First appeared in The Spirit in March 2011. ICT is the Institute of Chemical Technology, my alma mater.
When I first chose to come to ICT, I had in mind a very different future for myself. I had come to get a professional degree, expand my horizons, gain perspective and go on to get an MBA degree, hopefully end up with an MNC with a fat pay check.
Of course, I got all I wanted but instead I chose to do a PhD in organic chemistry and live on a meagre studentship. Those years at ICT profoundly changed my way of thinking. And no one thing in my four years caused me to change my decision. It was a combination of many things: Samant Sir’s lectures, encouragement by the PG supervisors in the lab, many words of advice from the seniors, the opportunity to explore the practical side abroad, encouragement from the faculty about research, watching the seniors get into good universities and the inspiration from the alumni who have added much to their entrepreneurial skills through research.
The fact that I can actually look back and count on the things that made me choose my future path is indeed something almost all of us can do. We can connect the dots and realise how the little things in the four substantial years that we spent at ICT made us take the decisions that we take.
By no means are these factors only going to affect our academic choices or career choices, they affect our hobbies or even life choices. The efforts put in to starting this newsletter called The Spirit were substantial. The people involved spent a big chunk of their free time working for it and learning from the experience. It changed me and I am sure it changed many others who were involved.
What began as efforts towards building a newsletter at ICT ended up today being the source of my passion for science communication. Over the years, I’ve become more and more passionate about writing. The editorial experience that I gained with the Spirit have enabled me to access better places during my studies at Oxford.
The network of friends that we build during our days at ICT becomes the source of many things, unrelated to our careers and yet of prime importance to our lives. I’ve seen many seniors get married very recently, people who either met during their days at ICT or met because they were from ICT.
Our time at ICT has affected us in many big and beautiful ways but there many small things that we may not appreciate which we can give ICT the credit for.
I will always remember the struggle we had to go through to convince the faculty before we could start The Spirit. We had to make sure that we had a good plan. One that will not bring any financial burden on the Institute and yet last for a long time, not stop after we left. The exercise although at the time seemed unimportant has actually kept us all connected to the newsletter even after 5 years. Having successfully done that, somewhere in the back of my mind I know that if you try hard and work towards something that you really want, it is possible to do it. However insignificant an achievement it might be in the grand scheme of things, it has left me with a must have life lesson.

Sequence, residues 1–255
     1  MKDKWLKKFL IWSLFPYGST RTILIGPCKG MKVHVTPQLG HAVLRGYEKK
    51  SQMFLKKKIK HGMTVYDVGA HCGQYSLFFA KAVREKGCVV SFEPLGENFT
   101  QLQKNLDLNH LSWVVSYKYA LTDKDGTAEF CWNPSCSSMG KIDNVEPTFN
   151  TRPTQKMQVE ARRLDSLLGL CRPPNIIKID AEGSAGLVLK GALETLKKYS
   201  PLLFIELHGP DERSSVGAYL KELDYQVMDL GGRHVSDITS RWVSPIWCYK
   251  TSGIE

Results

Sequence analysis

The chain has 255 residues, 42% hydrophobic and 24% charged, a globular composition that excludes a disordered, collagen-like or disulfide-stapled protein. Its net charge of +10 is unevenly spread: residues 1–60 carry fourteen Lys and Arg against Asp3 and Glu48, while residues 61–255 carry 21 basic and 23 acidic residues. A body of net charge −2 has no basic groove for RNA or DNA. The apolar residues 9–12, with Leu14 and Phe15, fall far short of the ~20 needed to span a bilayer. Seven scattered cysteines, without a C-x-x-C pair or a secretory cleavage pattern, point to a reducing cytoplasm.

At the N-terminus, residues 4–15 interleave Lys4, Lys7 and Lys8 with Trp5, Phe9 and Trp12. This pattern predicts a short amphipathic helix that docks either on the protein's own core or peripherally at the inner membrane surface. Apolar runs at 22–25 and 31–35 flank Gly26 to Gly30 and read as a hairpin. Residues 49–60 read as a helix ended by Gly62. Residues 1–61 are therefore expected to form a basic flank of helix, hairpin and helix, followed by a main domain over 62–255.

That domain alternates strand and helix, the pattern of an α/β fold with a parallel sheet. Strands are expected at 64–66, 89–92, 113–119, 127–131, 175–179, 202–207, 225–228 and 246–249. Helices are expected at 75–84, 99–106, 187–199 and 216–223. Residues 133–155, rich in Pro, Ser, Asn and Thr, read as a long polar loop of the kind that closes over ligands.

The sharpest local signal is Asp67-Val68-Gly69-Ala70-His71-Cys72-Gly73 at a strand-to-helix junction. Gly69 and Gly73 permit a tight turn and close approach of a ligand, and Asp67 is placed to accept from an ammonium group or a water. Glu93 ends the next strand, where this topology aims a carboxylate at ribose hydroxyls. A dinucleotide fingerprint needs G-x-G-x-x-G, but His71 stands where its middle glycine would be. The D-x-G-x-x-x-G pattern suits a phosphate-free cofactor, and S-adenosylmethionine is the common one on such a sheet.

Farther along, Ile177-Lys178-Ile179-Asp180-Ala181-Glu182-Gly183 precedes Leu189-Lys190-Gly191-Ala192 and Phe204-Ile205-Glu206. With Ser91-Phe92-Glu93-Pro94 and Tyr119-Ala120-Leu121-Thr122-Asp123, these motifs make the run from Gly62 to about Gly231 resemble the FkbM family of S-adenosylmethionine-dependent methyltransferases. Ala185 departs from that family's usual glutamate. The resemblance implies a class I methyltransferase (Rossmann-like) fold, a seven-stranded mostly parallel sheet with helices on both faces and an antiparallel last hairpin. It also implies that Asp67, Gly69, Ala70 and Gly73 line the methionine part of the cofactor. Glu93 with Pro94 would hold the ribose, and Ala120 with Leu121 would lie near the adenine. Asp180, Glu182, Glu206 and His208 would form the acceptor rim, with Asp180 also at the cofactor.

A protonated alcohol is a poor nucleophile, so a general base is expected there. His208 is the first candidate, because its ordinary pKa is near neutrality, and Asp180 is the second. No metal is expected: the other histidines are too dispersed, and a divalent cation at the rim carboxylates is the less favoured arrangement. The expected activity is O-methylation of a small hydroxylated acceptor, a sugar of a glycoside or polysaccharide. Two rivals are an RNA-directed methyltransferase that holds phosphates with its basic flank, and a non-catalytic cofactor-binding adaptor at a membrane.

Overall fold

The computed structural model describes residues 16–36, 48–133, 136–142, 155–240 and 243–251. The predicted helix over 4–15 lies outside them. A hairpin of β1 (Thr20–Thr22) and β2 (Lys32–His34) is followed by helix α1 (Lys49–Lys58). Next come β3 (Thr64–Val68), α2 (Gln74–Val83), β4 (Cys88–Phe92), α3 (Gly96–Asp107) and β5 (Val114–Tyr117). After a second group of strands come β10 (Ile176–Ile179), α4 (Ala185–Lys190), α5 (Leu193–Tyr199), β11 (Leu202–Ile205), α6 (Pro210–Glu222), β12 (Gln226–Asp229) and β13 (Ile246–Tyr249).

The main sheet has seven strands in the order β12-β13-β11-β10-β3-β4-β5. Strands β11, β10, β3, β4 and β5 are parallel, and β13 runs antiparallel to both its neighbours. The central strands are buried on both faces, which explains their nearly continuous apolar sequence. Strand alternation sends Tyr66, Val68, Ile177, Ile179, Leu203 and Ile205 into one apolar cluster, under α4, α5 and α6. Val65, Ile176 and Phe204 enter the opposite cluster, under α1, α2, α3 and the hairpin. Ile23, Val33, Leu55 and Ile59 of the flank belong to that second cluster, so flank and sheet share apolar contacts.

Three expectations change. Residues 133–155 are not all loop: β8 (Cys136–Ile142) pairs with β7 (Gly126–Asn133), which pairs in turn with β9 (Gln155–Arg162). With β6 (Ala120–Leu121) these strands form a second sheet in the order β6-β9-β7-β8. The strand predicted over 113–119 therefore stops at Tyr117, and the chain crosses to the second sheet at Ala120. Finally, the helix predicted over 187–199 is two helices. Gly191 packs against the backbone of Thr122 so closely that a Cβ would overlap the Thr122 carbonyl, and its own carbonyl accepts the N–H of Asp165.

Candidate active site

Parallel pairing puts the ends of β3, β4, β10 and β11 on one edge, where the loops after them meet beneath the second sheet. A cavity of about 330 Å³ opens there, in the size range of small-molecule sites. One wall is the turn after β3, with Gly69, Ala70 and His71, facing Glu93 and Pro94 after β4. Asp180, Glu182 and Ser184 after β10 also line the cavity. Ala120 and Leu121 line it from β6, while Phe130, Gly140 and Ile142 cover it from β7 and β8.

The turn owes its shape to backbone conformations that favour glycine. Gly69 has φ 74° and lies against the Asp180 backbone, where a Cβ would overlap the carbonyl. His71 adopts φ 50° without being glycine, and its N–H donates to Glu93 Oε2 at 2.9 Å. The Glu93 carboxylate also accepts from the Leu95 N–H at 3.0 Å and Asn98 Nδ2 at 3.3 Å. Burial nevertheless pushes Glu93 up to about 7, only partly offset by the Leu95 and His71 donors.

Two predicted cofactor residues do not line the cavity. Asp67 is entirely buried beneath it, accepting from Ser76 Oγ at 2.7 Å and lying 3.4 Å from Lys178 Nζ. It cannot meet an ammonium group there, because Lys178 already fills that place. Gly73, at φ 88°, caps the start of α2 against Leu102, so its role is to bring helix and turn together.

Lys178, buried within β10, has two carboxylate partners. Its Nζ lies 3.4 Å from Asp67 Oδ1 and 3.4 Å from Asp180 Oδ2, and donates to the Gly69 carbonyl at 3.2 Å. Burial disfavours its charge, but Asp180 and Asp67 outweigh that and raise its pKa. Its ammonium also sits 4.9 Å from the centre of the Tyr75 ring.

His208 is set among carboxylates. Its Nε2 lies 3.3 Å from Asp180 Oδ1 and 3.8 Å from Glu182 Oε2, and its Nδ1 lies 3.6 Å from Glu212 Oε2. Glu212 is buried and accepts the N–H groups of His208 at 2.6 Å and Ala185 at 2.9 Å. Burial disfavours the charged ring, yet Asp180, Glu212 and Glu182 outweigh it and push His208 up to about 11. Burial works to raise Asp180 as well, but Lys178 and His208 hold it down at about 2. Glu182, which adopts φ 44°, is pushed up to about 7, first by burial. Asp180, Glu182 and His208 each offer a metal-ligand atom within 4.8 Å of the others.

It’s not all been about learning from just succeeding. More lessons were learnt through failing. Working in teams has been a great experience. It has made me realise that in all teams there are a few people who will always object or oppose progress and it is those few that you really need to convince. If not, they will convince the rest of the team to do exactly the opposite.
But it is humbling to know, as dubbed in the popular culture that the butterfly effect affects all of us:
When we look back in detail on the major events of our lives, it is not uncommon to be able to identify such seemingly inconsequential random events that led to big changes.
– Leonard Mlodinov in The Drunkard’s Walk
The beginning of the Spirit was one such ‘seemingly inconsequential’ event. It was meeting Anil Nair, a journalist who wanted to do a story on ICT in summer of 2006. At the time, the TA had decided to give special importance to getting some media attention to the Institute. Alok Patil and I were responsible to take things further and in the time that we spent with Anil talking about the Institute and about the article, was when the idea of the newsletter was conceived.
The quote comes from a book that discusses the effects of chance on our everyday lives. We human beings aren’t wired to take into effect the randomness that affects us daily. Instead, many of us live under the psychological illusion that we alone determine our own future. Of course, I am not denying that we play the biggest part in shaping our future, as you all know, but at the same time we must never forget the many things that have contributed to make us who we are even if they might have seemed inconsequential at the time.
ICT is, and will remain, an important parts of our lives. Sooner or later we all will appreciate the major role it has played in shaping us. And having left the place, we must all remember that there is much we can do to contribute to the experience that we all gained from.